On reassembly, instead of using the pipe clip to attach the filter to the tube, use a P clip, which has a mounting hole. You can then attach the filter somewhere higher on any convenient bolt. As said, most of those that I have seen are mounted between the carbs, probably fixed to the cylinder head engine mount bolt.

As Forchetto said, be very careful when attaching the tube to the crankcase spigot. This goes through the case and plugs into a hole behind the clutch. It is only made of thin aluminium so is easily damaged.

Unless you have already ordered your seat, the Burton seats are very highly recommended on here for comfort and looks. I have the grey top DS002 on my bike:




http://www.burtonbikebits.net/triumphbonneville.htm

And my bike with the seat on it:

 

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Messy breathing

As Forchetto said, be very careful when attaching the tube to the crankcase spigot. This goes through the case and plugs into a hole behind the clutch. It is only made of thin aluminium so is easily damaged.[ QUOTE ]

Mr. bonnieraitt,

To put it another way, the end of the aluminum tube that protrudes thru the crankcase, is only held in place by it's location in the clutch cover, and an O-ring that seals the end thru the case. The tube it self is very malleable, and will be bent if you try pull to hard removing the rubber breather tube.
Try using appropriate pliers to rotate the rubber, to break the bond from the breather tube, or if necessary cut a slice in the rubber to free it from the piece that protrudes from the case.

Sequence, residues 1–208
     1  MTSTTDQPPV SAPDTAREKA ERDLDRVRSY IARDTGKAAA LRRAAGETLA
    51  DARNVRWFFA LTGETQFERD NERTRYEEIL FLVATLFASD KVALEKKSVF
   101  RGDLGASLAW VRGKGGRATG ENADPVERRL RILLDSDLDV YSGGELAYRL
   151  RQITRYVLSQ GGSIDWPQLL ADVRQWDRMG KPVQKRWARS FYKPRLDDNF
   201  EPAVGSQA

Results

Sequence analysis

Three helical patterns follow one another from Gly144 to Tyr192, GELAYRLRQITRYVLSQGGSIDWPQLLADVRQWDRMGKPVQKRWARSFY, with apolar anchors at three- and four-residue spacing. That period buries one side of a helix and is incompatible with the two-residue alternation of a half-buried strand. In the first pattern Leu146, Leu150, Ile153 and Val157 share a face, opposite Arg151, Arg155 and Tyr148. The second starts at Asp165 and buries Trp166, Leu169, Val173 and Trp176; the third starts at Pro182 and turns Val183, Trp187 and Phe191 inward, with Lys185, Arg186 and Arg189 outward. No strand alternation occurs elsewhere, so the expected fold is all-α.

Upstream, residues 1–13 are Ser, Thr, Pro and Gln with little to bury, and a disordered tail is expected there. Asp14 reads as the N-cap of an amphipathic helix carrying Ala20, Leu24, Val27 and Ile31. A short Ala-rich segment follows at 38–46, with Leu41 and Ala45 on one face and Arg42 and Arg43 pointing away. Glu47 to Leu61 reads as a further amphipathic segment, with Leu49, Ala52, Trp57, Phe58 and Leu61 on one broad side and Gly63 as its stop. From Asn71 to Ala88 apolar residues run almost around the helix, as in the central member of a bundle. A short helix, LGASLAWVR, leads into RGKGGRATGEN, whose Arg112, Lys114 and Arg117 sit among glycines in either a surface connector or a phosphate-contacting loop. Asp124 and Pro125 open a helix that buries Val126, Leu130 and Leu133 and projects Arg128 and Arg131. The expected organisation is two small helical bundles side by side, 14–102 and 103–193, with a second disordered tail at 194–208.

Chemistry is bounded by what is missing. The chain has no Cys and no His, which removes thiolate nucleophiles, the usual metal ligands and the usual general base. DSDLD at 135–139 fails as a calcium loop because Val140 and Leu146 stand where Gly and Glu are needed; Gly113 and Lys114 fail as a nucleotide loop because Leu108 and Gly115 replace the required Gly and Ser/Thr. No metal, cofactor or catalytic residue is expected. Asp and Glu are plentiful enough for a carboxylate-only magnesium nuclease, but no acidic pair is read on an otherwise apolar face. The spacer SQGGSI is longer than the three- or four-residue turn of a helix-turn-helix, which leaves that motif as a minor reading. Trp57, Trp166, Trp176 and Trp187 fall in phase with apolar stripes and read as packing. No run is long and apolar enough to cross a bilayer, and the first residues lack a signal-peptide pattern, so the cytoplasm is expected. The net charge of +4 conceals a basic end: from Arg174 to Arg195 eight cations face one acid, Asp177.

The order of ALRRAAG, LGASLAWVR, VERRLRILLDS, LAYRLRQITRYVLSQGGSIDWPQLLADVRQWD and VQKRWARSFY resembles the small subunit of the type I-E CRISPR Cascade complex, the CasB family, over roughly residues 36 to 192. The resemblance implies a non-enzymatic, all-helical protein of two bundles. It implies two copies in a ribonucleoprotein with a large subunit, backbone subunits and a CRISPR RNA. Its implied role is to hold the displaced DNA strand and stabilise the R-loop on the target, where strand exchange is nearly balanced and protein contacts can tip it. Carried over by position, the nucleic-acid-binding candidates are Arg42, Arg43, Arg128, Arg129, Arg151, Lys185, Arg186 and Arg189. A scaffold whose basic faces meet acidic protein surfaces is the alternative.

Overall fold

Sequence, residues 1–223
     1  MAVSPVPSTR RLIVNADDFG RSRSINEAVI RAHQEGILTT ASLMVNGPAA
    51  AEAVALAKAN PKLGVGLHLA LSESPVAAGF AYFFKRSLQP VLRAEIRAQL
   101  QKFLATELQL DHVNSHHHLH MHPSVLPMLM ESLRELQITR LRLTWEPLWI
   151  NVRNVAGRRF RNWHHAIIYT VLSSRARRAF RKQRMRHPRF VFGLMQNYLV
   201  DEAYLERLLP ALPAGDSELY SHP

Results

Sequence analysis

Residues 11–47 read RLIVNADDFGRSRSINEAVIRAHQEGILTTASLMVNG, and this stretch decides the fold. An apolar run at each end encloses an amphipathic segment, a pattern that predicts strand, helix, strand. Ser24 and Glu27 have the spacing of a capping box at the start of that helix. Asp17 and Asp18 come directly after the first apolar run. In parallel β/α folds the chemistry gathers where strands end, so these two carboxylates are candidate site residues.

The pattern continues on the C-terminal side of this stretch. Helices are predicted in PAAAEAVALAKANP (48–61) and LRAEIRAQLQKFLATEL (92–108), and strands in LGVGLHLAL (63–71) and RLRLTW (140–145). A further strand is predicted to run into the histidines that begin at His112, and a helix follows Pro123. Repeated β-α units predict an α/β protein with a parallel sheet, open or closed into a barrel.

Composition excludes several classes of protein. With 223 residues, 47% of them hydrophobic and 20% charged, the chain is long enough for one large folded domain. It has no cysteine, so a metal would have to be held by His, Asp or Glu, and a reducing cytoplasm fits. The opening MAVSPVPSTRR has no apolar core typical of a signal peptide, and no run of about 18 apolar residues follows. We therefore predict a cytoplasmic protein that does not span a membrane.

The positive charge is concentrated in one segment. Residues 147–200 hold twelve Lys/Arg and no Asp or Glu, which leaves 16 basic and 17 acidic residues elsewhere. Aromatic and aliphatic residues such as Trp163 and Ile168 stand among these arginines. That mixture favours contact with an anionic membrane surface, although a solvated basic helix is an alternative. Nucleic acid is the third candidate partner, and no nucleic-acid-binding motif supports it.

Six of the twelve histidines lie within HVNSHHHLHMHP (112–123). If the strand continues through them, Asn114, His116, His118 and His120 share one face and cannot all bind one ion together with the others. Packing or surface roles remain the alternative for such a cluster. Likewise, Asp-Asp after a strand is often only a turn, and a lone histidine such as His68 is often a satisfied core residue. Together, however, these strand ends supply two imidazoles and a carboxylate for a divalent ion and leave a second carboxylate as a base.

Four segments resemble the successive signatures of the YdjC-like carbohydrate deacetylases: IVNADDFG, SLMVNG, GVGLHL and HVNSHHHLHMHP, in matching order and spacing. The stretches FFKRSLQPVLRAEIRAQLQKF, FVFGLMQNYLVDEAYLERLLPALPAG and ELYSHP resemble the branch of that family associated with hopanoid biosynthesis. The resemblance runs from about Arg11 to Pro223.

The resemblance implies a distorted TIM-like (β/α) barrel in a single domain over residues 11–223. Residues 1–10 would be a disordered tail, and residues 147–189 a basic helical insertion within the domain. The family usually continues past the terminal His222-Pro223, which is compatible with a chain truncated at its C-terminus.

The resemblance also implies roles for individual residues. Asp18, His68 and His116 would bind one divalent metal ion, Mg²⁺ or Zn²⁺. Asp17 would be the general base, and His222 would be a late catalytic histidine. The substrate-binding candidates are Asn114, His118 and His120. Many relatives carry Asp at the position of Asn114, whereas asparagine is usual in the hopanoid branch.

Charles
 

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Discussion Starter · #10 ·
I don't have any photos since I decided to keep the airbox when I tuned my bike, but you will find some related threads if you use the Google search bar at the top of the page and search for 'crankcase breather'.

I see from your picture that you already have the filter. I suggest that you take off the filter and tube from the crankcase, separate the two, and take the bit of tube to an auto parts shop, where they will supply you with a longer length of the same tube.

On reassembly, instead of using the pipe clip to attach the filter to the tube, use a P clip, which has a mounting hole. You can then attach the filter somewhere higher on any convenient bolt. As said, most of those that I have seen are mounted between the carbs, probably fixed to the cylinder head engine mount bolt.